The innocent victims
Berry says that when he was first sentenced, he told his wife, Denise, that he would understand if he had to let her go. “I told her, you didn’t commit this crime, you had no part of it, and I love you enough not to punish you with the hardships that’s to come,” he recounted. But she didn’t. When he was transferred to Tamms, six hours south of Chicago, she moved the family to nearby Springfield so that they could visit as often as possible. Since the Illinois General Assembly approved funding for Tamms with IDOC’s claim that it would serve as nothing more than a temporary, one-year-long “shock treatment” for problem inmates, Mrs. Berry thought it would be a temporary move. However, two years later, when it became clear that IDOC had no intention of transferring Berry in the foreseeable future, the family moved back to Chicago. Denise says she wasn’t prepared for how difficult it would be to see her husband deteriorate so rapidly at Tamms, after having spent ten years in the general prison population. It was particularly hard for his teenage son, who watched as his father grew emaciated from a meager diet and lack of exercise, and saw dark circles form under his eyes from lack of sunlight. “What I had a problem with, being an inmate’s wife,” Denise says, “was how they degraded the inmates.” She described her husband being shackled and forced to sit on a small cement stool for the duration of their visits. When officers would deny him a trip to the restroom, encouraging him to instead prematurely end their visit, she says it made her feel like an accomplice to his suffering.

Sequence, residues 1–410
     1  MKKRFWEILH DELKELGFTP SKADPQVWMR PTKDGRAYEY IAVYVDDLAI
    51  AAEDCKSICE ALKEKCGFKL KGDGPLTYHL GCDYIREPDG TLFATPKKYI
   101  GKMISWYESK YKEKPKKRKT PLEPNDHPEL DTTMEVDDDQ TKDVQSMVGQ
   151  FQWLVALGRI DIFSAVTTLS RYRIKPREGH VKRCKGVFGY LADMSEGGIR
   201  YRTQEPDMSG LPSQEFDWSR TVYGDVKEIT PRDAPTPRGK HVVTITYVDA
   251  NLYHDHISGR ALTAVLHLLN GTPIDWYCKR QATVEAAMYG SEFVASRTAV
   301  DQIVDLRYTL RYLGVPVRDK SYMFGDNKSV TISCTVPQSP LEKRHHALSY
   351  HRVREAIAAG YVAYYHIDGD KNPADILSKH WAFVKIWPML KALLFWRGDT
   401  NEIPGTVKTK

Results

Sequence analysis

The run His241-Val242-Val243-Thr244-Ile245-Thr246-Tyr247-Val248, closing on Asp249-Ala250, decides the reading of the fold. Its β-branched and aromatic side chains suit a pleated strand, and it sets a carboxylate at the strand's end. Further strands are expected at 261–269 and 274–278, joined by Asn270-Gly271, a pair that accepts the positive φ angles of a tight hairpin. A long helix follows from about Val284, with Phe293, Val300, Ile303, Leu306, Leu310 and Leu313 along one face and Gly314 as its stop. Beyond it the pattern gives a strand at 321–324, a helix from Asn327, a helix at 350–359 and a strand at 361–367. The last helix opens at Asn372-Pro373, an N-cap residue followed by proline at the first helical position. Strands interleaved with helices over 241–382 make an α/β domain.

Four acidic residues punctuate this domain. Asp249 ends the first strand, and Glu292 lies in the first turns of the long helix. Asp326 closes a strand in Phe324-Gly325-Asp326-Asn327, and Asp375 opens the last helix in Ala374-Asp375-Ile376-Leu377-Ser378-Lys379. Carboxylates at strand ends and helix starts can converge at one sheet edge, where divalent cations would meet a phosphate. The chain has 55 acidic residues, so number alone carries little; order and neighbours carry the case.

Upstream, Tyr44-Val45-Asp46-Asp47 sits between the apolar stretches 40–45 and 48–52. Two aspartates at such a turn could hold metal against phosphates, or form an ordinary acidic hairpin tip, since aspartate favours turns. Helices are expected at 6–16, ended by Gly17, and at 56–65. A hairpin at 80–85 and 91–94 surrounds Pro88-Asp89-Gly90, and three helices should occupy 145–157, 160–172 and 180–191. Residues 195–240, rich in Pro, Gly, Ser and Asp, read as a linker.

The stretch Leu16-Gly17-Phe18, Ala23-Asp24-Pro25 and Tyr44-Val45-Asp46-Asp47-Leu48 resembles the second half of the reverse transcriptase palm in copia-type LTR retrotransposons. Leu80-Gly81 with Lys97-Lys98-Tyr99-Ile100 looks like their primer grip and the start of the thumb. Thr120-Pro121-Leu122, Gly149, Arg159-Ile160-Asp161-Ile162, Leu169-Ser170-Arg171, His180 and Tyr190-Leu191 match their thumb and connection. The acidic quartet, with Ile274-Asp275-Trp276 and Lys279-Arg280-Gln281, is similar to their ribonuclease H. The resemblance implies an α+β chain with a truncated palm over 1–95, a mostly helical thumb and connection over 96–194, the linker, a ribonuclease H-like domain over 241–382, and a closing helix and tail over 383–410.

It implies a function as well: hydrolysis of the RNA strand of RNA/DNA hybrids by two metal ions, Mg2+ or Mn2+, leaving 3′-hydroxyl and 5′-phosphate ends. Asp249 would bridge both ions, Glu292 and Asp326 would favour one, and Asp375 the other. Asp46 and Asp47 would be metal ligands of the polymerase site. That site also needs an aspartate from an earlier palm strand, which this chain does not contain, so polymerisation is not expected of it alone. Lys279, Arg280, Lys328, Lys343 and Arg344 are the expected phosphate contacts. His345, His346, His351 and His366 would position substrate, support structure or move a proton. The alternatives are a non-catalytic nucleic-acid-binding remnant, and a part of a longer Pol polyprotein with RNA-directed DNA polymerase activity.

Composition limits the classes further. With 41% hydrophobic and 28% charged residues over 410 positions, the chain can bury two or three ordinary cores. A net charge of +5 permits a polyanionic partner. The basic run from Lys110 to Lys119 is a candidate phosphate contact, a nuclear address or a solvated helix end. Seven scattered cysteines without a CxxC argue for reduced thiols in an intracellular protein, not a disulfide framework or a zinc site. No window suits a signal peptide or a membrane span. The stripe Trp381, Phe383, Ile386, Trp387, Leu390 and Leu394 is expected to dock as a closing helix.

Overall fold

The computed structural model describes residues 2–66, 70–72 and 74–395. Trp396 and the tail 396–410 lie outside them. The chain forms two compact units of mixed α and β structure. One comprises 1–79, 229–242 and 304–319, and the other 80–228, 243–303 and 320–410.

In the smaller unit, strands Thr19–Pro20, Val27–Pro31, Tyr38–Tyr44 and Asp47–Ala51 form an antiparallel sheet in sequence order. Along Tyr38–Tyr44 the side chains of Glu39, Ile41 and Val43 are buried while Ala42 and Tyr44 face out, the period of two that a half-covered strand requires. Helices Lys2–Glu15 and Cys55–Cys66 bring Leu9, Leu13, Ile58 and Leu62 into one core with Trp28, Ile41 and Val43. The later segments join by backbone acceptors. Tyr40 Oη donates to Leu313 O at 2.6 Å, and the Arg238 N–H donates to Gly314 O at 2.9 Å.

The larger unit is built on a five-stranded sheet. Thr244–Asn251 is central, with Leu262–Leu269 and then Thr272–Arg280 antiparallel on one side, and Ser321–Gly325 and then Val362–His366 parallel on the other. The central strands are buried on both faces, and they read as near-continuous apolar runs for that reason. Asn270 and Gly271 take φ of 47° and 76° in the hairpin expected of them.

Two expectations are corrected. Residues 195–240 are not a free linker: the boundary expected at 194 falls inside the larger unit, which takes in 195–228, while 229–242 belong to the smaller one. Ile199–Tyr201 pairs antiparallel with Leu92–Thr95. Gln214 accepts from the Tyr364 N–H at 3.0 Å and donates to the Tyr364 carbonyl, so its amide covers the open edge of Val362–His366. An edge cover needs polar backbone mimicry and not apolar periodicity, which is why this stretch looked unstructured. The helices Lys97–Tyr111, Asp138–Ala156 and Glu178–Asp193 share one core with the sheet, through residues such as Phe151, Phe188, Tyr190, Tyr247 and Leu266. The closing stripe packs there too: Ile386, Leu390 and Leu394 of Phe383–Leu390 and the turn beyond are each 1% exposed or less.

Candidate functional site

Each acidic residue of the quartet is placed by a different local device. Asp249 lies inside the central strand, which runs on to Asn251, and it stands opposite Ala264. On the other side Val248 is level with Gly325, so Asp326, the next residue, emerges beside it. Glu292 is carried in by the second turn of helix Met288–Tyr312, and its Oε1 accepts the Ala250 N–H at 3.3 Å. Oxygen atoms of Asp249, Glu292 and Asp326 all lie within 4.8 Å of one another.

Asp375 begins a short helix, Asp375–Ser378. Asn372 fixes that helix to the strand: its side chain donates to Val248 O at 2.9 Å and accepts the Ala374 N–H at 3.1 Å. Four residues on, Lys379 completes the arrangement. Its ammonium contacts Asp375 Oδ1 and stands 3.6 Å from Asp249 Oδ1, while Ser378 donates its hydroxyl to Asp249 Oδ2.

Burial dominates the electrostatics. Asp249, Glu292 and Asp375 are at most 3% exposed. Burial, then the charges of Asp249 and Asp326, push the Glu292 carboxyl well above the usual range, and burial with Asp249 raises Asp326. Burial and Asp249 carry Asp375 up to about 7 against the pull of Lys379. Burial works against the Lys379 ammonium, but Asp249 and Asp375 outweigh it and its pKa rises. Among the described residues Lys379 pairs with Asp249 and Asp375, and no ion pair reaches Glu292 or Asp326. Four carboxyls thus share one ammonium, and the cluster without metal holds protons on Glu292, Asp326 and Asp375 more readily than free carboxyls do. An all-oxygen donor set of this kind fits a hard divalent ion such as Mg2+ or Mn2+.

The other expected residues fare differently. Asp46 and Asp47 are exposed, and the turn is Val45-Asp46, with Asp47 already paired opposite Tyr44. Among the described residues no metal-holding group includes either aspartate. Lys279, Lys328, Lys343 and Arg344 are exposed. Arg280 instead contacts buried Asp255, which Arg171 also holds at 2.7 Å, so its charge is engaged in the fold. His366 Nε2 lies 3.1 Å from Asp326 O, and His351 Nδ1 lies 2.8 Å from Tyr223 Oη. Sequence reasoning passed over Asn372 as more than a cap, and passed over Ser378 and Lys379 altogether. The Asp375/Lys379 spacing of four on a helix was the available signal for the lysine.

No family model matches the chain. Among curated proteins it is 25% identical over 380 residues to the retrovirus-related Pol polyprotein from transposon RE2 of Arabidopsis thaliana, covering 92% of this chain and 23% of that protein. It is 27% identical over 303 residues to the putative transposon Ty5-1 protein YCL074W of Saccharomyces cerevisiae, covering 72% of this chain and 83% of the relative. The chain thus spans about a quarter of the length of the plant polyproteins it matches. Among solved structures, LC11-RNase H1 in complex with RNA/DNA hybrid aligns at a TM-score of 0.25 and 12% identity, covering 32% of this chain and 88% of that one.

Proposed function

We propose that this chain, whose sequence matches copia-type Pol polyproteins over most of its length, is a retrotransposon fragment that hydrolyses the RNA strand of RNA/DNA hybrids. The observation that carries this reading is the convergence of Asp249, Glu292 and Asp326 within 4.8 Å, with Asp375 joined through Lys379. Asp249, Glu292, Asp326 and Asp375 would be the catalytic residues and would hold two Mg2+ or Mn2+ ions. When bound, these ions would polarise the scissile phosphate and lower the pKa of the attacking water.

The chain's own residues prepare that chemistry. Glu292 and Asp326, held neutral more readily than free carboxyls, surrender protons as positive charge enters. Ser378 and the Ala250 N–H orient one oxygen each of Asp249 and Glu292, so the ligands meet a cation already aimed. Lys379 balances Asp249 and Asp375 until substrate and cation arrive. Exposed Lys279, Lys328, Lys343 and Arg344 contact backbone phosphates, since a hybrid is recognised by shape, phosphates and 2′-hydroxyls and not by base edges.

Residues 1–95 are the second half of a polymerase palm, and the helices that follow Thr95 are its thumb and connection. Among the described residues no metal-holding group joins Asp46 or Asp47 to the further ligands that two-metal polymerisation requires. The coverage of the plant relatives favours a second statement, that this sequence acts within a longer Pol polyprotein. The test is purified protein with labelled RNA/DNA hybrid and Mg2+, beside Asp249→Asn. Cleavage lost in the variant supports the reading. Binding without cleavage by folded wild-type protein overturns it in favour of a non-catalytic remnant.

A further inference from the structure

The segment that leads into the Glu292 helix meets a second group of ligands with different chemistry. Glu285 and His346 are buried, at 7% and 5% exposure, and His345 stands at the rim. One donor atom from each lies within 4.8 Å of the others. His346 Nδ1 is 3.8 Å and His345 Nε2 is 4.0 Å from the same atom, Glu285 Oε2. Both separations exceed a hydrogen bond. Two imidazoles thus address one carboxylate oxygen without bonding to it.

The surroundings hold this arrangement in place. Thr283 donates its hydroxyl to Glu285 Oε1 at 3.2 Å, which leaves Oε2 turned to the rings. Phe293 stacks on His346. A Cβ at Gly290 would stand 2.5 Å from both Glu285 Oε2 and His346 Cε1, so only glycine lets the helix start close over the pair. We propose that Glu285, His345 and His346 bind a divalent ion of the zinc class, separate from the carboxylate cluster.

Berry says one thing that kept him going was keeping his family at the forefront of his mind. It bothered him that Tamms prisoners were allowed to keep only 15 pictures in their cells. “Every time my wife sent me pictures, she’d send me sets of 24, and I’d say, ‘OK, I got to decide right here which ones I want,’ because if you get caught with more than that, they can give you a ticket and send you back down to seg [disciplinary segregation, a unit in which inmates have only one shower and one yard visit per week].” Inmates remain in “seg” for a minimum of 90 days and are not allowed visits for the duration. Once, says Berry, in what would be a devastating error, he tried to mail a picture to his son rather than throw it away. Because in the photo his son’s hat was tilted to one side, the officers gave Berry a disciplinary ticket, allegedly for participating in gang-related activity. “My heart dropped to my knees,” he says. “I told them, ‘ya’ll let this picture in here!'”
The violation earned him a ticket to “seg” for six months — months that were tacked onto his sentence, which had been reduced for “good time.” The decision meant that Berry’s sentence would effectively be extended, forcing him to miss his youngest son’s college graduation. “I was thinking, ‘You missed the eighth-grade graduation, you missed the high school graduation, you’ve got to make this college graduation,” Berry recalls. According to Denise, prison officials told her that if she could get proof that the people in the picture — Berry’s brother, Michael, his oldest son, Reggie Jr, and Willie Ware Jr., his nephew — were not affiliated with gangs, they would reconsider his punishment. “I had to obtain their birth certificates,” she says. Denise went to 28th Ward Representative Anazette Collins’ office, as did the three men with their IDs. Their efforts proved futile. In the end, she says, “all this was compiled and sent to Tamms, and they did nothing.”
Berry’s son, Joe, graduated in May of 2006. Berry got home four months later. “I missed my son’s graduation,” he said, “and it crushed me.”
A 2007 Federal Bureau of Prisons (BoP) report lists family ties as integral to rehabilitation and successful re-entry into the general community. However, for many Tamms inmates, the lack of phone access, a prohibitive visitation process, and the distance from Chicago, where two-thirds of Tamms inmates are from, makes it nearly impossible to maintain those ties. The scheduling and approval process at Tamms requires weeks of planning and multiple rounds of paperwork. If visitors arrive late for their appointment, they are forced to begin the process all over again. With no public transportation near the site, the process become more than some people can handle — or realistically afford.